When Apple debuted its Handoff technology in 2014's iOS 8 and OS X Yosemite, I was excited by the notion of liquid computing, in which both data and application state move from one device to another as you do. Apparently, the technology didn't excite many others, as it's rarely implemented outside of Apple apps, and most users aren't aware of it, unless perhaps they happen to have an Apple Watch.
Now, as announced last week at the Build 2016 developer conference, Microsoft is prepping for the release of Project Rome APIs for Windows PCs and smartphones, and -- having largely given up on owning the mobile platform -- it plans to release SDKs for iOS and Android, though not for OS X, since Microsoft remains unwilling to accept its decline on the desktop.
Project Rome is both similar and dissimilar to Handoff, and those differences perhaps will help it gain broader adoption than Handoff has attained.
Before I explain how the two compare, I should note that Microsoft previously introduced some cross-device capabilities in Windows 8. But those are more like Apple's other, older Continuity services managed via the cloud, such as syncing bookmarks and settings across devices tied to the same account.
Apple's Handoff and Microsoft's Project Rome are about federating apps across multiple devices, not simply syncing metadata. In Apple's case, that means recent models of Macs, iPhones, iPads, iPod Touches, and Apple Watches running iOS 8 or OS X Yosemite or later. In Microsoft's case, that means Windows PCs and Windows Phones running Windows 10 or later, as well as iOS and Android devices whose versions have yet to be revealed.
What Apple's Handoff does
Handoff is focused on, well, handing off an application state from one device to another. For example, if you are composing an email in the Mail app on your iPhone and you get near your Mac, the Mac will see Mail running on your iPhone and offer to transfer that in-progress message from the iPhone to the Mac, launching Mail on the Mac in the process.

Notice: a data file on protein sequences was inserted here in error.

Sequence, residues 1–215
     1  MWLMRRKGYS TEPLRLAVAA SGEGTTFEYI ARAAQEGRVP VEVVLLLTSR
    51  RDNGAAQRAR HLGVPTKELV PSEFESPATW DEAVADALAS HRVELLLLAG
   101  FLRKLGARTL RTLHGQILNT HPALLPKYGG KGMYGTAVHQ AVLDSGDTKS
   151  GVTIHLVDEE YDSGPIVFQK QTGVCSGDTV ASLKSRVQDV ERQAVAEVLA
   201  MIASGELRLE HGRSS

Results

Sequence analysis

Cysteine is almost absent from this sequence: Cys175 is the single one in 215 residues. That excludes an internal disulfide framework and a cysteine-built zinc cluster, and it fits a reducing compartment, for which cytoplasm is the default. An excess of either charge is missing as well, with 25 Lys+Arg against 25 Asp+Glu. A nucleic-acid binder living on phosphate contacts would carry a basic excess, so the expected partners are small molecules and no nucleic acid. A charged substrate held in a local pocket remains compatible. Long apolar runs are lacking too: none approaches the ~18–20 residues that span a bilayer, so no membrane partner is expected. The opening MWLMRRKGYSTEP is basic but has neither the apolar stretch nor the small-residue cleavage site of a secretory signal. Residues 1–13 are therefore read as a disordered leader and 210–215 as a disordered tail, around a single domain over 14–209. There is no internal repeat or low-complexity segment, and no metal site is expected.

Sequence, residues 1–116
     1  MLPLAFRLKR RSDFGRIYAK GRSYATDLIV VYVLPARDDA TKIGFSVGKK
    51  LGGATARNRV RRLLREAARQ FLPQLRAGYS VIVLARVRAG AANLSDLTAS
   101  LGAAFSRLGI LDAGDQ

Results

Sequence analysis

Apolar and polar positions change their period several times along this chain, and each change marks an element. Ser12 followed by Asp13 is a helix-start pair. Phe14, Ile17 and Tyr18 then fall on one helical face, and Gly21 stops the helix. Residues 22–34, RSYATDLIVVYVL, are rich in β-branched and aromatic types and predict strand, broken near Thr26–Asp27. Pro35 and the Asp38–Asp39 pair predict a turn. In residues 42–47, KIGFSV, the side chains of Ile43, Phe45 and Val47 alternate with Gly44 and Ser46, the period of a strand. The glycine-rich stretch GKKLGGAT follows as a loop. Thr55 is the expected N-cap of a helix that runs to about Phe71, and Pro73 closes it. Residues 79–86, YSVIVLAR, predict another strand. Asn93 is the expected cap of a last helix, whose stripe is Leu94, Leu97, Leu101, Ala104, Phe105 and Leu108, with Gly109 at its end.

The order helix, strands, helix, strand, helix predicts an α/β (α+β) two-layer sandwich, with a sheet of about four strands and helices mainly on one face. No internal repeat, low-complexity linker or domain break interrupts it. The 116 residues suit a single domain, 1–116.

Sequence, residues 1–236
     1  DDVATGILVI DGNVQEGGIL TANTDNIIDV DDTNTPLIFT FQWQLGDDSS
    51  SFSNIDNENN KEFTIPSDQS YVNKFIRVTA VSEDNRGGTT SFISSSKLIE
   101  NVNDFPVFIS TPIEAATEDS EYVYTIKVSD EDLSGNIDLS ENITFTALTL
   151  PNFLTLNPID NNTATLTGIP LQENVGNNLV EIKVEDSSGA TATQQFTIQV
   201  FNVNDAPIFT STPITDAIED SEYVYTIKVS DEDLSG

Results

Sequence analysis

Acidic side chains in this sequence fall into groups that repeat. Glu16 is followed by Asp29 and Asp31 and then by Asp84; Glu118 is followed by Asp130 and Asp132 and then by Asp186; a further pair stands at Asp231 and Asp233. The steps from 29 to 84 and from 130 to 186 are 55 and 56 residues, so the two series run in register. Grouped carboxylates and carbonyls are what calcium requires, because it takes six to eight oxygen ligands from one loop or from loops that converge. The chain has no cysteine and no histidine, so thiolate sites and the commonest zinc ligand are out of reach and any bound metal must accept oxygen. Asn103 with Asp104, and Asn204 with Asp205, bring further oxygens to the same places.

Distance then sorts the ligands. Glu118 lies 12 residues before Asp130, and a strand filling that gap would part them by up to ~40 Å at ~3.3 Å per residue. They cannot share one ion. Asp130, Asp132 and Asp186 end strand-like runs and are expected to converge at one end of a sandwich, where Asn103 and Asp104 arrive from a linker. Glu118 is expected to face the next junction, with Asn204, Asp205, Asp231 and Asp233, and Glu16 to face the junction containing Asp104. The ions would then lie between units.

The devices detect each other via Bluetooth and Wi-Fi Direct, and they automatically pair if they use the same Apple ID (and if Handoff is enabled, of course).
What's key is that Handoff relies on the receiving device to make the transfer happen; the idea is that the user has moved to a different device and wants to pull in what he or she had been working on previously. It's not about controlling another device.
The most common uses of Handoff that I see in the real world are with the Apple Watch and with the iPhone. The Apple Watch can pick up phone calls, text messages, and email messages from the iPhone using Handoff. And a Mac or iPad can answer a call on an iPhone or interact with a text sent to an iPhone, via Handoff.
I don't think many people use Handoff to transfer data between apps, such as in my Mail example, across Apple devices. Partly, that's because OS X makes it easy to detect a potential Handoff, but the notification feature is all but invisible on iOS devices, so it's harder to feed the habit.
What Microsoft's Project Rome does